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Auditor focuses on gaming

20 December 2006

HARRISBURG, Pennsylvania – (PRESS RELEASE) -- Auditor General Jack Wagner said today that the hiring practices of slots operators would be the focus of his first audit of Pennsylvania's multibillion-dollar gaming industry, and that he expected to begin in the first quarter of 2007.

Wagner made the announcement in a letter hand-delivered this morning to Theodore A. Decker, chairman of the Pennsylvania Gaming Control Board.

"The Department of the Auditor General intends to play an important oversight role and will exercise its authority to ensure that Pennsylvanians receive all of the benefits that they were promised" by gaming proponents, Wagner said.

Wagner's letter did not announce an official date for commencement of an audit. Wagner said that he would notify the board by formal engagement letter in the first quarter of 2007 of specific audit objectives.

With the majority of Pennsylvania's 14 slots casinos expected to be located in counties bordering other states, Wagner said he wanted to make sure that commonwealth residents are first in line for the tens of thousands of new jobs expected to be added in the next few years.

Wagner said the casino industry will offer "a magnificent opportunity to provide employment for Pennsylvanians that should not be missed." To make sure the opportunity is maximized, Wagner said his initial priorities in auditing gaming would be:

-- Examining the gaming control board's efforts in monitoring the residency status of employees of the gaming facilities and the board's efforts in promoting the hiring of Pennsylvania residents, as opposed to residents of surrounding states;

-- Studying the board's efforts in monitoring the diversity practices of the facilities' hiring process and the board's efforts in promoting the hiring of employees that reflect the demographics of the commonwealth, giving special attention to minorities, women, the unemployed and underemployed; and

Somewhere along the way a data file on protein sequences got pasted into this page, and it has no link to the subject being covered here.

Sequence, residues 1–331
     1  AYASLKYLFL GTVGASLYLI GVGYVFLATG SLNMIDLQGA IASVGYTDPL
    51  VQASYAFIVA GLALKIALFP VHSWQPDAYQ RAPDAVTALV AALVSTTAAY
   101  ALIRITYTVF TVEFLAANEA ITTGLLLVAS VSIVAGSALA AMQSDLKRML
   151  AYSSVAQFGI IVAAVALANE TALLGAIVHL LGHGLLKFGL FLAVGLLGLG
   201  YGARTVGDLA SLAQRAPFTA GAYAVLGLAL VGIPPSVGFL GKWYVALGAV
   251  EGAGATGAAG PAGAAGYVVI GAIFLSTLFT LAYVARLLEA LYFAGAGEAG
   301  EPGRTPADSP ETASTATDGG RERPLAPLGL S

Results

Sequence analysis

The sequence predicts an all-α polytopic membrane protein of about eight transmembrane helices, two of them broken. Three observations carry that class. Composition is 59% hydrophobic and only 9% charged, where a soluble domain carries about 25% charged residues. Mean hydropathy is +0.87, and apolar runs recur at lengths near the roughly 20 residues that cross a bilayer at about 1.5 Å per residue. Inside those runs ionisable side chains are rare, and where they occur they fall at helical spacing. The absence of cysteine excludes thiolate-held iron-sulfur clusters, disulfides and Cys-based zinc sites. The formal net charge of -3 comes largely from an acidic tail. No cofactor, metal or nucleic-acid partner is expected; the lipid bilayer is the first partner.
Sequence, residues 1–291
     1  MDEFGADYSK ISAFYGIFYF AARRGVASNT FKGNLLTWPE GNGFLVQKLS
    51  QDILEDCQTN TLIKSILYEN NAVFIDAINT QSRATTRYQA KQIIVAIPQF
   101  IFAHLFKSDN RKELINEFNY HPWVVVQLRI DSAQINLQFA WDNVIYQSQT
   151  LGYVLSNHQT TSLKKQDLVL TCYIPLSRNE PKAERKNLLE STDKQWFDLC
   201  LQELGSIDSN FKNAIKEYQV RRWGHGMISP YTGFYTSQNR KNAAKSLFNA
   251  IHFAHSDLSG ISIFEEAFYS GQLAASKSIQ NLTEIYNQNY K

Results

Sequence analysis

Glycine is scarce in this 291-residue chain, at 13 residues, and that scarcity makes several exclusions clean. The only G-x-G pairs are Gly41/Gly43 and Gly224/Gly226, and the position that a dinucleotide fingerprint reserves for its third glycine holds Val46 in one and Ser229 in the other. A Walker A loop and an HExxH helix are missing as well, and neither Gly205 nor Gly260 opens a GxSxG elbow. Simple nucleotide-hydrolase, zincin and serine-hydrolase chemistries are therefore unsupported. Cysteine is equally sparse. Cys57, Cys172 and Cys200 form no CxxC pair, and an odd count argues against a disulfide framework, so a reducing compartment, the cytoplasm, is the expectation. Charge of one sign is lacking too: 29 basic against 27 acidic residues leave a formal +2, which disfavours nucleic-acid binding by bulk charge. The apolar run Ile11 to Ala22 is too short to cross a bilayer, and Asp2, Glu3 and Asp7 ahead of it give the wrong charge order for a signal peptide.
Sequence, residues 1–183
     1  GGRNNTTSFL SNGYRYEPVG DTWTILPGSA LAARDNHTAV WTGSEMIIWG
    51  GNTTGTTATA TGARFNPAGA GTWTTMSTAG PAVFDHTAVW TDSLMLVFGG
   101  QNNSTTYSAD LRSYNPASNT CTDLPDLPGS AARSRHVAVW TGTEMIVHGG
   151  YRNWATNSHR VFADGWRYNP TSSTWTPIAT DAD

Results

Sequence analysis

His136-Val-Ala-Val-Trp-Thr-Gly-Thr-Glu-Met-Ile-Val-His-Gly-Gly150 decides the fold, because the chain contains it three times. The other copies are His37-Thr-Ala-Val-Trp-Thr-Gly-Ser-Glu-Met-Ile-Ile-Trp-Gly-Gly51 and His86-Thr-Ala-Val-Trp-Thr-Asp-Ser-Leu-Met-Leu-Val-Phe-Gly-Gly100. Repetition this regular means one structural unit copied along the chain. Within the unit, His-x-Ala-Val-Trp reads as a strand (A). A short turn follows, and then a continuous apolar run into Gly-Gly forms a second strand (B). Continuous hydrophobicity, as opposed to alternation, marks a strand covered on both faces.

-- Reviewing the employee background check process operated by the board, the Pennsylvania State Police, and other agencies to ensure that the checks are being completed in a timely manner and that all relevant aspects of an applicant's background are being scrutinized effectively, including whether the applicant is a legal U.S. citizen. Wagner stated that these background checks should be completed prior to employment.

According to Wagner's letter, subsequent audits may review other issues, such as the facility licensing process, internal controls over cash receipts, and the operation of programs funded by gaming revenues.

Nine of the planned casinos are expected to be located in close proximity to Pennsylvania's borders with New Jersey, Delaware, Maryland, West Virginia, Ohio, and New York. Wagner said he was concerned that the privately owned casinos would hire workers from other states, taking jobs away from Pennsylvania residents, particularly in areas where the unemployment rate is higher than the current statewide unemployment rate of 4.3 percent.

Wagner noted that more than 3,000 people waited in line to apply for 750 jobs at a 2,000-slot-machine casino scheduled to open in February at the Presque Isle Downs racetrack in Erie County - not far from Pennsylvania's borders with Ohio and New York.

Proponents of Act 71, the 2004 bill that legalized slots casinos, promised the creation of 10,000 to 15,000 quality, family-sustaining jobs in the commonwealth by the gaming industry. Because state law does not require casino operators to hire Pennsylvania workers, Wagner said he was concerned about how many jobs may go to out-of-state residents.

"To state quite simply, I believe that qualified, hardworking Pennsylvania residents should be hired for these new positions," Wagner said. He also emphasized that minorities, women, the unemployed, and the underemployed must have opportunities for all job categories in the gaming industry.

Auditor General Jack Wagner is responsible for ensuring that all state money is spent legally and properly. He is the Commonwealth's elected independent fiscal watchdog, conducting financial audits, performance audits and special investigations. The Department of the Auditor General conducts more than 5,000 audits per year.

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